Sprawl-Busters has been writing about Wal-Mart abandoned stores for six years now, and the media is starting to get the picture. At most points in time, Wal-Mart is carrying 350 or more stores that it has left “dark” by the roadside. As much as 26 million square feet of empty stores. When I called them “dead stores,” Wal-Mart corrected me by saying, “we call them dark stores.” Public officials in Kenosha and Sheboygan, Wisconsin are concerned that its now their turn to watch Wal-Mart turn out the lights on them. According to the Small Business Times, both cities have ‘old’ Wal-Mart stores that could soon be vacant. In Sheboygan, Wal-Mart plans to build two Supercenters to replace its current Wal-Mart discount store at the Taylor Heights Shopping Center. The Sheboygan Common Council has approved plans for a 212,000 s.f. Wal-Mart Supercenter on the south side of the city, and the retailer plans to build another 212,000 s.f. Supercenter just north of the city. If Wal-Mart builds the two Sheboygan stores and closes its current store there, the newspaper says it will be a serious blow for Taylor Heights — a shopping center that already lost a Piggly Wiggly store, which closed earlier this year. Officials worry that the Wal-Mart discount store will remain empty. And in Kenosha, Wal-Mart plans to build a 200,000-s.f. supercenter store on a vacant site on Kenosha’s south side, less than 3 miles from the Wal-Mart discount store in Kenosha. Wal-Mart also wants to build a second supercenter just northwest of Kenosha in the Town of Somers. Kenosha officials were told that if the two superstores are approved, the Kenosha discount store is history. “It’s definitely a concern,” one Kenosha official told the newspaper. Kenosha officials might require Wal-Mart to find an occupant for their discount store as a condition of approval for the new south side Supercenter. But then again, they might do nothing at all.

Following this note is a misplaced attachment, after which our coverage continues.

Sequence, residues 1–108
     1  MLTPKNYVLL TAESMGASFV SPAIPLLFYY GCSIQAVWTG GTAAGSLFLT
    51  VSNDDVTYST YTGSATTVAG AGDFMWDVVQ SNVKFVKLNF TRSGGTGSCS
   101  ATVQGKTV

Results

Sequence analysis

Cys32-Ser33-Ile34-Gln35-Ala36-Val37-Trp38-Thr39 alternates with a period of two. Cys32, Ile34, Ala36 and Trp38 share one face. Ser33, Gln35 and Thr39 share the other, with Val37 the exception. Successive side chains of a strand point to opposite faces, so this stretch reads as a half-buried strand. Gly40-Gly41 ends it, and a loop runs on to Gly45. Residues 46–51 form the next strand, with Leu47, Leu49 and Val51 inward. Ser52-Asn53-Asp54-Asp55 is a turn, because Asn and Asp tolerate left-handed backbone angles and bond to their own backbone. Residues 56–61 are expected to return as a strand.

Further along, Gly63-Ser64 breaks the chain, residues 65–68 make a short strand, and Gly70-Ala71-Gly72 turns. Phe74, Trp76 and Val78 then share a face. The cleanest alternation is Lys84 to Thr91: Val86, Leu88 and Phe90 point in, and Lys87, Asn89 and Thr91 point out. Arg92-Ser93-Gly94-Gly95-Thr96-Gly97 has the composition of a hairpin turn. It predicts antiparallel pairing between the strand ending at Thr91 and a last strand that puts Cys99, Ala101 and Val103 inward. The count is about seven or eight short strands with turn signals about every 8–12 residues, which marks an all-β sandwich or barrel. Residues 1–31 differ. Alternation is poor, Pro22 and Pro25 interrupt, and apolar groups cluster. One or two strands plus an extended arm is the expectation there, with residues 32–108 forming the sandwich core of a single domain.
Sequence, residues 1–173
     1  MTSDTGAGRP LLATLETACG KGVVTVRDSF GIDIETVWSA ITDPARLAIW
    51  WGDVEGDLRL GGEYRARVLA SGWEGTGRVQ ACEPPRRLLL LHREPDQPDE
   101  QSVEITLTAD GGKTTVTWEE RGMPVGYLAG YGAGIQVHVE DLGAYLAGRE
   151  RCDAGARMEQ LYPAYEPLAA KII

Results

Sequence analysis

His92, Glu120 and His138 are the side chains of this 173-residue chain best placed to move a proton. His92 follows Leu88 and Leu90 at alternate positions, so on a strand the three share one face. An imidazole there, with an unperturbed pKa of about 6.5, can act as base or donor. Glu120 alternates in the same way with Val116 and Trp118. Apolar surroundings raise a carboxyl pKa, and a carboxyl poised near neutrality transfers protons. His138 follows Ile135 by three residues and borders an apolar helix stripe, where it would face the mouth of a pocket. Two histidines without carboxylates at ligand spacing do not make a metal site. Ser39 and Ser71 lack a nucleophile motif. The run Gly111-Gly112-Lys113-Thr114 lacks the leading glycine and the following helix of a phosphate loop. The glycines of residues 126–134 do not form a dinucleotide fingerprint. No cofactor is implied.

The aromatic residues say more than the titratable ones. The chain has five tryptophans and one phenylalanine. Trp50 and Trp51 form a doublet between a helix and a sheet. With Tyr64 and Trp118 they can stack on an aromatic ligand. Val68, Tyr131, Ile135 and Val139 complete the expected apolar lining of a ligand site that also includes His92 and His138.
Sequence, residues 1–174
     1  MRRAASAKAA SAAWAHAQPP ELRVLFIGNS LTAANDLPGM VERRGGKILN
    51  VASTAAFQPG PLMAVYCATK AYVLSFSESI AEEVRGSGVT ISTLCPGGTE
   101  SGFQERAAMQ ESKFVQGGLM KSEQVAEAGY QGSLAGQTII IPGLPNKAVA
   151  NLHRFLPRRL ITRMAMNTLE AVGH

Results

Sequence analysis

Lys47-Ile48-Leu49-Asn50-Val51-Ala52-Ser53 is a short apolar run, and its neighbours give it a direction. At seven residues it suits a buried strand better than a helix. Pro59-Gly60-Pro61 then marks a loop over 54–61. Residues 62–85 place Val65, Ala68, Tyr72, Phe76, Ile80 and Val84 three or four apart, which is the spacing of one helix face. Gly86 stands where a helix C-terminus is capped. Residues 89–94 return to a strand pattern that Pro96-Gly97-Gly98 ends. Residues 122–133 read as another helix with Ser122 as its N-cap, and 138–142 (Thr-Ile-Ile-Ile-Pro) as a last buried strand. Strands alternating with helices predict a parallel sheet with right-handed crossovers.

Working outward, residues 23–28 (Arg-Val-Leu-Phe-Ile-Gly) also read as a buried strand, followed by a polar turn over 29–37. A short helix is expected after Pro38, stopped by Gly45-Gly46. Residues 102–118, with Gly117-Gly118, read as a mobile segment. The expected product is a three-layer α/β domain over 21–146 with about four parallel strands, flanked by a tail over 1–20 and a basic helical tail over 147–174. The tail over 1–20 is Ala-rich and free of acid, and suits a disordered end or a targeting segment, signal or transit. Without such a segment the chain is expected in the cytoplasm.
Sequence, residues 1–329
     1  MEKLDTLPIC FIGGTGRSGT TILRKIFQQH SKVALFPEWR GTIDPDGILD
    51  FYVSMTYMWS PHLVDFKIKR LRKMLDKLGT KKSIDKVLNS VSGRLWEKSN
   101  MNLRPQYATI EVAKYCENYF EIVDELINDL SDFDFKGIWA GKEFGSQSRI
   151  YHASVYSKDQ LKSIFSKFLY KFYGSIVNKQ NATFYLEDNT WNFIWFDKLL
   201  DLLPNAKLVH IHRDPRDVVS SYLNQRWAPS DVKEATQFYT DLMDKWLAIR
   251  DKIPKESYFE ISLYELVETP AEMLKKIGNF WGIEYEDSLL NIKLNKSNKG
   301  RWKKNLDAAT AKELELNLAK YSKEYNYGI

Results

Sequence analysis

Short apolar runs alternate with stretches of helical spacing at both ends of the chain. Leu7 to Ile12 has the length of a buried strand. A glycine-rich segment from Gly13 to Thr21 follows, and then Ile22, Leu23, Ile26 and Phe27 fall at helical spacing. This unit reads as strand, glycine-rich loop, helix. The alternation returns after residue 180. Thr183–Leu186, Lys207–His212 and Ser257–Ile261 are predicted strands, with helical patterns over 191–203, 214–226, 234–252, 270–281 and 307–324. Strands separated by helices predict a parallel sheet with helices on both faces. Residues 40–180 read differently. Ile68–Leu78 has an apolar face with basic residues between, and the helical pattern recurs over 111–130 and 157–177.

Do you wonder what’s in this musical chairs for Kenosha and Sheboygan officials? One-third of Wal-Mart’s empty stores are on the market for at least three years. Some have even had to be torn down. Wal-Mart is building bigger stores for Wall Street investors, not for Main street shoppers. The supercenters not only leave empty discount stores behind, but often empty out existing grocery stores as well. Such superstores bring little or no added value to a community. For earlier stories on this subject, search Newsflash by “dark” or “empty.”